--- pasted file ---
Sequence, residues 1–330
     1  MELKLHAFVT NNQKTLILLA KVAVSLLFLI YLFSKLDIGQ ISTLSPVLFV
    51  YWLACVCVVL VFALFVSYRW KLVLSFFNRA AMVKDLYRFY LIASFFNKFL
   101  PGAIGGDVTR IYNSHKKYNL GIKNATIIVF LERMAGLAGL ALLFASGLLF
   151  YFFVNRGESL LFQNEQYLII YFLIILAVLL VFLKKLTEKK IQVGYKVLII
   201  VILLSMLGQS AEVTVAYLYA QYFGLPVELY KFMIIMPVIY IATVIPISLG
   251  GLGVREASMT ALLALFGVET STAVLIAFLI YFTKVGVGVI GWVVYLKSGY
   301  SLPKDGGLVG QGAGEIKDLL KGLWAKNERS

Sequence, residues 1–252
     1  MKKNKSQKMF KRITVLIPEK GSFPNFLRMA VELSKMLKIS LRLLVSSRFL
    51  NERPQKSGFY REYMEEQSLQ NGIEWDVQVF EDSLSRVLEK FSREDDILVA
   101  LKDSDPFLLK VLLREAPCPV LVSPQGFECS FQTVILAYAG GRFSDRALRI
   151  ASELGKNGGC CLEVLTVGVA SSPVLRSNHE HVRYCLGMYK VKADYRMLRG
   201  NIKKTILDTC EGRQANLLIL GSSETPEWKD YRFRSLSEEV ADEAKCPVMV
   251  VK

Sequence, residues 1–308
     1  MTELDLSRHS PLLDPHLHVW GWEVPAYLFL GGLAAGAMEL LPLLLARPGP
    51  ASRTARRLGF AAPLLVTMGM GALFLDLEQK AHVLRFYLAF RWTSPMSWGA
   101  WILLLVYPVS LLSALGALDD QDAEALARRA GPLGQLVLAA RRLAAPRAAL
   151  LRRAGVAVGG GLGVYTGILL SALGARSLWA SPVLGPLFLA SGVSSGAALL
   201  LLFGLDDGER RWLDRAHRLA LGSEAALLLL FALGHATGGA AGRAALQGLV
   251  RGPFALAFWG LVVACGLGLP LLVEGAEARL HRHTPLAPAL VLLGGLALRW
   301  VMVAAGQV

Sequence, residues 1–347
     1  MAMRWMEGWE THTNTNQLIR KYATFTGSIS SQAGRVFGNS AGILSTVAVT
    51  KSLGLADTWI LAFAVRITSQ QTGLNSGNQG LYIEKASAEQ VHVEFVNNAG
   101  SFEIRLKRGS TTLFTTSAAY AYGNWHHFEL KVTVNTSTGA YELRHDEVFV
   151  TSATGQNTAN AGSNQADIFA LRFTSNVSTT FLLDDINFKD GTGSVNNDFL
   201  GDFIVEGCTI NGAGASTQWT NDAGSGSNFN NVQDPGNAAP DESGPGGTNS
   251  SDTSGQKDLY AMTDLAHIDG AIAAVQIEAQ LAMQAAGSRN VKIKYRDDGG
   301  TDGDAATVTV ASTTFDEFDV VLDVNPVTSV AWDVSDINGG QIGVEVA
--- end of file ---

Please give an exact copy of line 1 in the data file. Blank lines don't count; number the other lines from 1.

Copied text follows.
Sequence, residues 1–330